The power pack in the A7R III can be charged via the USB port, which can be very convenient when travelling.
The following table provides a synthesis of the main physical specifications of the two cameras and other similar ones. If you want to switch the focus of the display and review another camera pair, just select a new right or left comparator from among the camera models in the table. Alternatively, you can also move across to the CAM-parator tool and choose from the broad selection of possible camera comparisons there.
|Leica M Typ 240»||5.5 in||3.1 in||1.7 in||24.0 oz||..||Y||Sep 2012||6,950||-||Leica M Typ 240|
|Sony A7R III«||5.0 in||3.8 in||2.9 in||22.9 oz||650||Y||Oct 2017||3,199||Sony A7R III|
|Canon 6D Mark II« »||5.7 in||4.4 in||3.0 in||27.0 oz||1200||Y||Jun 2017||1,999||Canon 6D Mark II|
|Canon 1D X Mark II« »||6.2 in||6.6 in||3.3 in||54.0 oz||1210||Y||Feb 2016||5,999||Canon 1D X Mark II|
|Canon 6D« »||5.7 in||4.4 in||2.8 in||27.2 oz||1090||Y||Sep 2012||2,099||-||Canon 6D|
|Leica M10-P« »||5.5 in||3.1 in||1.5 in||23.3 oz||210||n||Aug 2018||7,995||Leica M10-P|
|Leica M10« »||5.5 in||3.1 in||1.5 in||23.3 oz||210||n||Jan 2017||6,595||Leica M10|
|Leica M Typ 262« »||5.5 in||3.1 in||1.7 in||24.0 oz||..||Y||Nov 2015||5,195||-||Leica M Typ 262|
|Leica SL« »||5.8 in||4.1 in||1.5 in||29.9 oz||400||Y||Oct 2015||7,450||Leica SL|
|Leica M9« »||5.5 in||3.1 in||1.5 in||20.6 oz||..||n||Sep 2009||7,999||-||Leica M9|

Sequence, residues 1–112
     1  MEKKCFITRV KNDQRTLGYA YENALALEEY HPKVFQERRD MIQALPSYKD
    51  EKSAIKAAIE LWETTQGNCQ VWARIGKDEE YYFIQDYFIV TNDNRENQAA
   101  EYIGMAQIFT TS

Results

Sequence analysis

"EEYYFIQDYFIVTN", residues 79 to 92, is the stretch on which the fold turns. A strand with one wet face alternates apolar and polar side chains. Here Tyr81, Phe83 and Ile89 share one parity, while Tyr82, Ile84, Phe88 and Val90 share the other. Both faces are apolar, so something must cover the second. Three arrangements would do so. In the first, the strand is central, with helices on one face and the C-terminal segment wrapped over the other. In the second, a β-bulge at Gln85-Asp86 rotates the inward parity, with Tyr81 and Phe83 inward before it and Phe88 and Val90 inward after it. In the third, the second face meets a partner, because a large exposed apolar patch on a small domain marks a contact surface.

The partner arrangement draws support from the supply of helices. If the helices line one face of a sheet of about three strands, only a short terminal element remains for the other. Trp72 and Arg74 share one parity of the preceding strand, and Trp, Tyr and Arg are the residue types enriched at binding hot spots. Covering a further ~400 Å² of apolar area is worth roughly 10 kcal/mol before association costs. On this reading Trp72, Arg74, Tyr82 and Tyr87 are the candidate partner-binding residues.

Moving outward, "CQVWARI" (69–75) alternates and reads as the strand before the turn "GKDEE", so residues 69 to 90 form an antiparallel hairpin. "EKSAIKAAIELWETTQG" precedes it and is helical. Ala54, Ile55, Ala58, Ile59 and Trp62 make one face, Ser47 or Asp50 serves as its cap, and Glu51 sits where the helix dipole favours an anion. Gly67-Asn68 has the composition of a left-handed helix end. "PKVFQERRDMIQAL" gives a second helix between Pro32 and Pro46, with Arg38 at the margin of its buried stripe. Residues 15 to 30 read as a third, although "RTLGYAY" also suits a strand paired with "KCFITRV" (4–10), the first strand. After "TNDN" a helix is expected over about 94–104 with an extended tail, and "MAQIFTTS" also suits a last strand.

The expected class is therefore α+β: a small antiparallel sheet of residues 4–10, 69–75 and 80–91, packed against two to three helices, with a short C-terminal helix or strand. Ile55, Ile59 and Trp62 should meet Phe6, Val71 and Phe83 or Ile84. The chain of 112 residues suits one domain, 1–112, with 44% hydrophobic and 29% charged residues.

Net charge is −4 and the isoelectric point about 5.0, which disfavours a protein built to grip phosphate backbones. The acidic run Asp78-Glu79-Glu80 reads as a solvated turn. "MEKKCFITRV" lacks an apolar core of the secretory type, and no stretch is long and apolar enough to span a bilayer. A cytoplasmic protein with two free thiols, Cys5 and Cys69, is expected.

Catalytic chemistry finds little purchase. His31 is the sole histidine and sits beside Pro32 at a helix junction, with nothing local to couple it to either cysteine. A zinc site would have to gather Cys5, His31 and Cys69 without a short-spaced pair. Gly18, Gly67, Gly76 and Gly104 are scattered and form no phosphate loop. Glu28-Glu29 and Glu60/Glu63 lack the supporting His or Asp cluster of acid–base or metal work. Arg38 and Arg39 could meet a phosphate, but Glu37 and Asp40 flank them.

|Nikon D7100« »||5.4 in||4.2 in||3.0 in||27.0 oz||950||Y||Feb 2013||1,199||-||Nikon D7100|
|Sony A7 III« »||5.0 in||3.8 in||2.9 in||22.9 oz||610||Y||Feb 2018||1,999||Sony A7 III|
|Sony A9« »||5.0 in||3.8 in||2.5 in||23.7 oz||650||Y||Apr 2017||4,499||Sony A9|
|Sony A99 II« »||5.6 in||4.1 in||3.0 in||29.9 oz||490||Y||Sep 2016||3,199||Sony A99 II|
|Sony A7R II« »||5.0 in||3.8 in||2.4 in||22.0 oz||290||Y||Jun 2015||3,199||-||Sony A7R II|
|Sony A7S II« »||5.0 in||3.8 in||2.4 in||22.1 oz||370||Y||Sep 2015||2,999||Sony A7S II|
|Sony RX10« »||5.1 in||3.5 in||4.0 in||28.7 oz||420||Y||Oct 2013||1,299||-||Sony RX10|
|Note: Measurements and pricing do not include easily detachable parts, such as interchangeable lenses or optional viewfinders.|
Any camera decision will obviously take relative prices into account. The listed launch prices provide an indication of the market segment that the manufacturer of the cameras have been targeting. The A7R III was launched at a markedly lower price (by 54 percent) than the M Typ 240, which puts it into a different market segment. Normally, street prices remain initially close to the MSRP, but after a couple of months, the first discounts appear. Later in the product cycle and, in particular, when the replacement model is about to appear, further discounting and stock clearance sales often push the camera price considerably down.